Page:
Learning is a Conversation

I had never heard the term PLN until five months ago when I became involved with the Ontario Professional Learning Practices (PLP) project.  Since that time, my involvement in the project has helped me and my students as I develop my own Professional Learning Network (PLN).  Teaching is often a solitary profession, particularly, as in my case, when you teach with a very small staff and you are the only teacher in your division.  There are few people to turn to when needing resources, ideas or just an ear.  But as I slowly build my PLN, I am surrounded daily by global educators who offer inspiration and resources needed for my students to learn and grow.  As teachers, we can’t possibly do everything by ourselves.  Learning with others, from others, is a much more efficient way to help our students.

Developing my PLN took off once I joined Twitter.  Gradually, I joined a few education nings and read blogs and wikis to see what other people were doing in their classrooms.  They willingly shared what’s worked (or hasn’t worked) for them.  As a result of what I had gained from my growing PLN, I made a commitment that I would share in return by starting a blog to post my experiences with new technology in my classroom.  Together, my students willingly learn with me as I attempt to integrate a new tool into a lesson.  Some of my posts cover such topics as Backchanneling, Glogster Book Reports, Twitter in Geography, Student WikisFacebook Internet Safety, and Podcasting.  Before the PLP project and the encouragement of my PLN, I can honestly say I would never have even considered writing an education blog.

My PLN is a place to turn to when I am stuck, frustrated, and in need of help.  It is a place where I can rely on the kindness of “strangers”.   I’ll share one experience that resonates the most.  While struggling one night on ways to help a boy in my class with reading, @KimMcGill posted a blog about boys’ literacy.  Even though Kim’s role is at the secondary level, she immediately offered to help through her PLN when I asked.  Within a few hours, @kellypower from Windsor had forwarded a valued resource for me to try. I now had a game plan.  The “kindness of strangers” has become the “kindness of friends”.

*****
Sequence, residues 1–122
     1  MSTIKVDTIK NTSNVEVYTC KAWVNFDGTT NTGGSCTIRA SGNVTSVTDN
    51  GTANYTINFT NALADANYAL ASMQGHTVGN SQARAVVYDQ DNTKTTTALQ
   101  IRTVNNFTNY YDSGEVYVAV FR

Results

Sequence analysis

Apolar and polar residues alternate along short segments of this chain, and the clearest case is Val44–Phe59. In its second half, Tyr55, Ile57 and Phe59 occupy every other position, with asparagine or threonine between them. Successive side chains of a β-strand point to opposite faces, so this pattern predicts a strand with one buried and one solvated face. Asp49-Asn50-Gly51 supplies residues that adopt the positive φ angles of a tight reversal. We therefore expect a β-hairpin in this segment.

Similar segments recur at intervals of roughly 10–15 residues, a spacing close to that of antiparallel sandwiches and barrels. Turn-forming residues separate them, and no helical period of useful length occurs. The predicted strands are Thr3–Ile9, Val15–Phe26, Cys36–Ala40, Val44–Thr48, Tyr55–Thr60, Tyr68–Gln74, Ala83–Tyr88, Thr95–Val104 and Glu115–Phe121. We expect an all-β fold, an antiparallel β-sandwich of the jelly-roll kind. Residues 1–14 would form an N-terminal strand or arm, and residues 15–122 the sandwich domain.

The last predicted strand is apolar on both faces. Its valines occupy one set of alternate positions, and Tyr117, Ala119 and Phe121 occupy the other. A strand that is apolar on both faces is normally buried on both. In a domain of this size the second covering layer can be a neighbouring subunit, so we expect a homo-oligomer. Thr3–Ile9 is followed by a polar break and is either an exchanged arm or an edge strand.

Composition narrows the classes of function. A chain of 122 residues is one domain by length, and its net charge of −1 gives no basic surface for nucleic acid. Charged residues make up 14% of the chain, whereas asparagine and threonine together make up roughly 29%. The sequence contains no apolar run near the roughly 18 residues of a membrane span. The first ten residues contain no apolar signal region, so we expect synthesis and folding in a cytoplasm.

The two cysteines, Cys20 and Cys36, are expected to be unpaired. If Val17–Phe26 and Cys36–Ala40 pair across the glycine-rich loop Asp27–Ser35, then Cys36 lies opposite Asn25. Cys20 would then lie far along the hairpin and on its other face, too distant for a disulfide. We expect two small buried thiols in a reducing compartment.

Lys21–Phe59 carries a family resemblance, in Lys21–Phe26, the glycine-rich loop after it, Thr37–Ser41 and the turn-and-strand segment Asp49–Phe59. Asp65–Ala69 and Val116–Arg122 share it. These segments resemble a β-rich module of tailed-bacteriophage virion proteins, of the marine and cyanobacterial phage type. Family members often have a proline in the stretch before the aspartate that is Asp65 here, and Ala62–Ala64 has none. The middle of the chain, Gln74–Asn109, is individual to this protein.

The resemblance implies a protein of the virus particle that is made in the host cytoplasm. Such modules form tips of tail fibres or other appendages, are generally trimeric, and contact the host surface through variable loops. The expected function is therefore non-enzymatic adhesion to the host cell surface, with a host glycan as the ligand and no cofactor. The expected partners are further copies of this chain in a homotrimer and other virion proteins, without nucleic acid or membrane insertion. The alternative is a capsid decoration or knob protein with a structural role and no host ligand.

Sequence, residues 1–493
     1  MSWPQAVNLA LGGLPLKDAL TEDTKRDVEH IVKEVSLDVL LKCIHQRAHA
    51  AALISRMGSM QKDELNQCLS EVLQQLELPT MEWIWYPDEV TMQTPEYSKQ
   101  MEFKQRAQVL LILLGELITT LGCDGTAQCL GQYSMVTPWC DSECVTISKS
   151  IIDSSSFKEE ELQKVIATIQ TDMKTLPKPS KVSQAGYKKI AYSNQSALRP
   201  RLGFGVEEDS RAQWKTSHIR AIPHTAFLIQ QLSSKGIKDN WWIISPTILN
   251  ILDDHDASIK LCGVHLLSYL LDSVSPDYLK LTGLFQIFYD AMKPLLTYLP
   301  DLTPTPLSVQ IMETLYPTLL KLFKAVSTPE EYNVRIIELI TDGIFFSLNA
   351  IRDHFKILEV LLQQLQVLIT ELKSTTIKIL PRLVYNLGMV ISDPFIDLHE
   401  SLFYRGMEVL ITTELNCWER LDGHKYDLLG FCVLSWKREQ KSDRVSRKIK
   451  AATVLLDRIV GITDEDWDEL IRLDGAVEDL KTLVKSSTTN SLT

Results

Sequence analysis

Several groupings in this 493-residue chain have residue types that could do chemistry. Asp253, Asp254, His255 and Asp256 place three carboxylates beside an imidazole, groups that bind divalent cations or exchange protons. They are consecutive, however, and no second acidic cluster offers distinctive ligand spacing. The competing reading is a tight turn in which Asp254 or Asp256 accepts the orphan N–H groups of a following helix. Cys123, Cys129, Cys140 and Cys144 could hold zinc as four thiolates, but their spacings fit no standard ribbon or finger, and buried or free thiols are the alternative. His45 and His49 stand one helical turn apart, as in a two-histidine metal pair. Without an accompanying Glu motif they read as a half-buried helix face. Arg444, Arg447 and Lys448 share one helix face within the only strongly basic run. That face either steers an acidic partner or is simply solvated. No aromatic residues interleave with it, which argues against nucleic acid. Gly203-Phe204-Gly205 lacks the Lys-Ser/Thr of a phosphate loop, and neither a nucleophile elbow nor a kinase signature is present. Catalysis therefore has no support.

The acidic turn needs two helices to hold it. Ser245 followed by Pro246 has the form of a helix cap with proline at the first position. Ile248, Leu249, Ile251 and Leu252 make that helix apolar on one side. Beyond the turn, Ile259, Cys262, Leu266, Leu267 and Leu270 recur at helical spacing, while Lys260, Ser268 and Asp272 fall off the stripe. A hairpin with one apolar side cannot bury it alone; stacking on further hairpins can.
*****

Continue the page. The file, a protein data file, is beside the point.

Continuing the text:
Learning is a conversation.  Over the last several months, I have had the opportunity to connect with Susan Carter Morgan through the Ontario PLP.  Susan is a grade eight teacher at the Fredericksburg Academy in Virginia who has developed her own PLN with deep, diverse connections.  She was one of the resource people brought into the Ontario PLP project to initiate and help develop discussions.   Through our ning discussions, Susan and I recognized our shared interest in a classroom where learning was more inquiry-based.   As a result, we have developed a collaborative project where students from her class are working with students from mine.  Using Google Docs, Skype and VoiceThread, students from two different countries are researching and producing a project on an issue of social justice.  Together, Susan and I are helping our students as they engage in their own learning.  Our students are developing their own Turnberry/Fredericksburg PLN.  They are becoming global learners.

For me, my PLN is about making connections with people who have the same goal:  helping our students to become 21st century learners.  That connection continues to strengthen when we share and participate.  Sometimes it’s messy and uncomfortable as we develop connections where pushback is present.  But it is respectful.  I’ve found myself changing my beliefs dramatically on some issues, including the importance of a digital footprint.  We must be transparent if others are to find us.  My PLN showed me how to do this in a safe way that I’ve since modeled for my students.

The ultimate evaluation is found in the responses from my grade 7/8 class.  Students that I had taught last year, and again this year, were asked to describe what was different about their learning.  Listen to what some of them have to say.